FWSN Media Room

The Forest Worker Safety Network regularly reviews logging videos on The video below is our feature pick for this month. Click the video screen if you wish to enlarge the video for viewing on in new browser window on the website.  [top]

Driving Logging Trucks - In The Clear Series

This is part three of the four part In The Clear video series from The video below is an introduction to being at the right place at the right time, every time, when driving a logging truck. Logging workplaces are constantly changing and present many potential hazardous conditions for logging truck drivers, and it's important that the truck loading process is planned to ensure that the work can be conducted safely and that solid procedures are developed and followed. Logging truck drivers should be reminded to always get confirmation when moving in the landing area. While being loaded logging truck drivers understand that being in the truck is the safest location. If the logging truck driver must be outside the truck cab, then they must stand outside the truck well away and visible to the Log Loader Operator.  Courtesy of

Something to say about this video? Email us at:

Safe Workplaces... Our Right, Our Responsibility

A USW Health & Safety Production - Click to view.
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FWSN Tailgate Talk

Safe Workplaces... Our Right, Our Responsibility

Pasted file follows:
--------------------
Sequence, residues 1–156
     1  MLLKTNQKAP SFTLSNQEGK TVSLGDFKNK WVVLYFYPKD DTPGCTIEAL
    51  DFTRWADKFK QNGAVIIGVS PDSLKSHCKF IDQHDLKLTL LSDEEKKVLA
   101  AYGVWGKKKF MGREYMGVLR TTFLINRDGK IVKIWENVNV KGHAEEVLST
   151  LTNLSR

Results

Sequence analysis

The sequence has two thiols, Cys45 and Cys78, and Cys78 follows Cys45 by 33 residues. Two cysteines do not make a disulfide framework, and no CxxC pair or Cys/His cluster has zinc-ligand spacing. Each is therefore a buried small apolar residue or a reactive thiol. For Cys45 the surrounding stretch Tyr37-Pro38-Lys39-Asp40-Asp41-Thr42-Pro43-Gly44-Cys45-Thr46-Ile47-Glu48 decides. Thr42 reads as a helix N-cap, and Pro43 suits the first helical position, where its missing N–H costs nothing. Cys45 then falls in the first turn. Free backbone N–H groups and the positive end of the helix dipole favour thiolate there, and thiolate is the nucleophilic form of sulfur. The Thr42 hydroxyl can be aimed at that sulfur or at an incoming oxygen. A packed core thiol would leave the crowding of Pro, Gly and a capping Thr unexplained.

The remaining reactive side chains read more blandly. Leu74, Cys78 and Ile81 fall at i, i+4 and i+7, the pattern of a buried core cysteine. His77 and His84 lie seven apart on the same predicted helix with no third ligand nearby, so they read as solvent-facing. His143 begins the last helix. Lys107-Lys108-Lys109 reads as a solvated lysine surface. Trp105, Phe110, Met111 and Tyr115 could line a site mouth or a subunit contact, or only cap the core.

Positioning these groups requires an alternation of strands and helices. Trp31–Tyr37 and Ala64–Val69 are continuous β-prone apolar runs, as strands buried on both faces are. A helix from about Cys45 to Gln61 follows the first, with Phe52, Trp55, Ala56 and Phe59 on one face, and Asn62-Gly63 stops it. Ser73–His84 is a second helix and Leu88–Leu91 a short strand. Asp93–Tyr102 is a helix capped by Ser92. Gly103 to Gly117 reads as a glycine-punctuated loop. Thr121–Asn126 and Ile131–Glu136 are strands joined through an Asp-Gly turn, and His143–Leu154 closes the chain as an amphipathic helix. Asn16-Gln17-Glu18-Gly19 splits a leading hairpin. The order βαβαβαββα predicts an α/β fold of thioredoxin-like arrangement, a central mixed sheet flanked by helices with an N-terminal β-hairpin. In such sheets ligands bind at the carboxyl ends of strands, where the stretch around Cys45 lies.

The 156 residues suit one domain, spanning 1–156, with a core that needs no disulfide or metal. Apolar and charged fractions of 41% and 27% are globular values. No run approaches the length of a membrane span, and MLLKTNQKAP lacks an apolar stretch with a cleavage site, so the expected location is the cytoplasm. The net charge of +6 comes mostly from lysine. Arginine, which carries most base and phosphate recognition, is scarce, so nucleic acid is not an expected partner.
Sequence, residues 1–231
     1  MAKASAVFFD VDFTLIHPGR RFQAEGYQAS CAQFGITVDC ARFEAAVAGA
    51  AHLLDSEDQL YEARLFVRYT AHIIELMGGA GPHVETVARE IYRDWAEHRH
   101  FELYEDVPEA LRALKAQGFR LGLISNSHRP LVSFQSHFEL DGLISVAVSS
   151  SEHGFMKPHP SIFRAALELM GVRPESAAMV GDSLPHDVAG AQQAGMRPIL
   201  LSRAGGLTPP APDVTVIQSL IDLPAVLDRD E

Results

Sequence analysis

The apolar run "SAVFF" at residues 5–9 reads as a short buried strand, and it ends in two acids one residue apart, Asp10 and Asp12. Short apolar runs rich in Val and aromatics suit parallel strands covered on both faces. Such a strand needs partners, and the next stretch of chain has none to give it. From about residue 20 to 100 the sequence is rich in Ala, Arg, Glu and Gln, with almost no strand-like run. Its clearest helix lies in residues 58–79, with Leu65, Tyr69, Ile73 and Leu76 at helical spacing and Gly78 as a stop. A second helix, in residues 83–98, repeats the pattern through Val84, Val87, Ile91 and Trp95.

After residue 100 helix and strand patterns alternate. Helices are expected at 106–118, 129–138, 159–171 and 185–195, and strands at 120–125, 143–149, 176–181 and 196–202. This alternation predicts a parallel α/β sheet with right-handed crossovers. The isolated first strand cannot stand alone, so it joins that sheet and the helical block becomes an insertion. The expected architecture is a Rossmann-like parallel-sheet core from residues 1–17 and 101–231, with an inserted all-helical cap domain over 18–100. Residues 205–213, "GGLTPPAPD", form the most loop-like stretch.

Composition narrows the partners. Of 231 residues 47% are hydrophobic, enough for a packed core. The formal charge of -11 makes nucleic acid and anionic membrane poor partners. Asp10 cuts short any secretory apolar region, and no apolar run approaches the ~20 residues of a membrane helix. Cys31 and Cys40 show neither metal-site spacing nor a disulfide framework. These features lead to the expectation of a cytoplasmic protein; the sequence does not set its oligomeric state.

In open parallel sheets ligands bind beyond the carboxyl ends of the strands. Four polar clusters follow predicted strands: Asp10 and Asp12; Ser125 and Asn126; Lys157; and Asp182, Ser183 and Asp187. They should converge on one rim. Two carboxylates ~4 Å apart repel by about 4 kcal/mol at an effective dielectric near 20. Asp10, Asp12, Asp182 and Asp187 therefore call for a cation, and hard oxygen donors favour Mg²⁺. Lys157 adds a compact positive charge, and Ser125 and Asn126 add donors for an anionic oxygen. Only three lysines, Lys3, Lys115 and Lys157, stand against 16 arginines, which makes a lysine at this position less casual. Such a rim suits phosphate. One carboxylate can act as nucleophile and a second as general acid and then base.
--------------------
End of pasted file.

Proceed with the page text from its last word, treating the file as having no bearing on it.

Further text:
Day of Mourning - April 28th


Forest Worker Safety Network

The Forest Workers Safety Network (FWSN) is an initiative of United Steelworkers (USW) District 3, which represents over 20,000 forest workers in British Columbia.

In light of rising forest industry fatalities and injuries, the FWSN has been formed as a response to a demand for a worker-focused information and networking system. The FWSN is available to all BC forest workers, at no cost, whether or not they are members of the United Steelworkers (USW) union.

The FWSN is initiating its activities by disseminating information developed for BC Coastal loggers and woodlands employees, from stump to dump and beyond. We are also collecting information on safety issues in the sector and on urgent and pressing issues that groups of workers and individuals face. We provide general health and safety information and information on the USW’s ongoing efforts to stop needless fatalities and injuries.

There will be regular communications for all workers who sign up.

Join the Forest Workers Safety Network today!  [back to top]

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Forest Workers Safety Network - 2009